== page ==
Sunday, March 19, 2006

Another One from the Archives

During my first go-round with breast cancer, I didn't write anything at all about the experience (unless you count e-mail, in which case I probably wrote a lot). Then, a year or two later, when I had some distance—and perspective—I took a personal-essay writing class, for which I wrote "Words Failed Me" and the piece below.

The class turned out to be a very discouraging experience, which is probably why I've been sitting on these two essays ever since. I also wrote most of a third one, which I would like to revisit—and finish—at some point. It's much funnier than the first two. (A low bar, I know.) If and when I do, you'll see it here.

Meanwhile, I offer up the following as another window into my world (and the strange contraption known as my brain).

No Contest

Whether the currency is SAT scores or mortgage rates, golf handicaps or lost pounds, by our nature we can’t help but compare ourselves to those around us. There are ratings and rankings for everything: sports teams, television programs, book sales, selective colleges, even a website where visitors are asked to rate other people’s photos on a scale of “hot or not.” And in social settings (whether human or animal), it’s fairly easy to pick out the alpha males and queen bees.

I discovered not long ago that this compulsion toward comparison exists even in the world of breast cancer. Since my own diagnosis in 2001 at age thirty-four, I have met dozens of breast-cancer patients and survivors—some through a support group, others through activism efforts, still others through mutual friends, a few by chance. In every case, without fail, these encounters follow the same pattern: after introductions and the usual pleasantries, medical information is exchanged like business cards. But instead of title, company, address, and phone number, it’s cancer stage, surgical procedure, number of positive lymph nodes, and type of treatment. And, as with a business card, those few facts tell you most everything you need to know to quickly size up your new acquaintance. There’s an unspoken pecking order—one based on diagnosis and, by implication, prognosis.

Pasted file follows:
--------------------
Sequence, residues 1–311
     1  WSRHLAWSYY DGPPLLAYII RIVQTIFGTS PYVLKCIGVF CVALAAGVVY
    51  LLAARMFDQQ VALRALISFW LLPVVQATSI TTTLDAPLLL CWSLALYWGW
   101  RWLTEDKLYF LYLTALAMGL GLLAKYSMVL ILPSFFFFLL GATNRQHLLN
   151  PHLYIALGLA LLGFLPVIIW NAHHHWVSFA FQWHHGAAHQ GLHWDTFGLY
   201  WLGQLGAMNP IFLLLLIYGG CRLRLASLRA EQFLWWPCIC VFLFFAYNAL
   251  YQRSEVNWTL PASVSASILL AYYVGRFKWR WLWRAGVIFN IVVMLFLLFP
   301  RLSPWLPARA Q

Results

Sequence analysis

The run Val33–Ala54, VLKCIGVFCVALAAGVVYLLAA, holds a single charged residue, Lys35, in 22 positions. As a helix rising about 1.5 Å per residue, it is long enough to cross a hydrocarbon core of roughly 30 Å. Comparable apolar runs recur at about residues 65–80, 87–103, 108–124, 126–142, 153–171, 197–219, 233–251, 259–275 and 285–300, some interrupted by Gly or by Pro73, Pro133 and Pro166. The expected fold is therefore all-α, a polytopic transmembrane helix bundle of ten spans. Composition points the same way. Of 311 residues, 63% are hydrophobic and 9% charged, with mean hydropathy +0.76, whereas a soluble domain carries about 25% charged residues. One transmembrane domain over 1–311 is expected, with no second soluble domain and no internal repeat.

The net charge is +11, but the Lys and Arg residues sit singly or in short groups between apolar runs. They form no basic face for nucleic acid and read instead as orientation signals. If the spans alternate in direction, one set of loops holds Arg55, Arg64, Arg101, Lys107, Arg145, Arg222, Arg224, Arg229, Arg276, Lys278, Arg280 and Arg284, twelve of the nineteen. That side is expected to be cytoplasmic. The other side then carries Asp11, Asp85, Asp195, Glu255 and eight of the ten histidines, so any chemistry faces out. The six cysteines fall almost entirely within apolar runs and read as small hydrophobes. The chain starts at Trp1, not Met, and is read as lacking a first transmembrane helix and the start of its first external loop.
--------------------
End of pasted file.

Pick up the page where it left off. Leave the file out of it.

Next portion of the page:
This pecking order was obvious to me the first time I attended a breast-cancer support group. We started by going around the circle, introducing ourselves and giving the medical equivalent of our CVs. At one end of the spectrum was the woman whose breast cancer was diagnosed so early that it was technically Stage 0. At the other were those with metastatic disease (Stage IV), whose cancer might be contained but never cured. These women had the most arduous treatment regimens, punctuated by regular CT scans, bone scans, blood tests for specific cancer markers, and who knows what else. With their unforgiving medical schedules, it was a wonder they were able to attend the support group at all.

I fell somewhere in between, with a Stage II diagnosis and what I have come to call “the deluxe package”—mastectomy, chemotherapy, radiation, and breast reconstruction. With me in the middle were breast-cancer patients of every stripe. For some women, breast cancer was a family trait. They had gotten a preview of their own experience by observing their mother’s, sister’s, grandmother’s, or aunt’s. Others were dealing with a recurrence. These women thought they had defeated cancer, not knowing it would come back like a weed.

Still others had one of the BRCA-1 or BRCA-2 genetic mutations that dramatically raise one’s chances of developing breast and ovarian cancer. Not only did they have to contend with treatment for their current diagnosis, they also had to decide whether to have their ovaries and all remaining breast tissue removed prophylactically. They were walking around with a time bomb in their cells.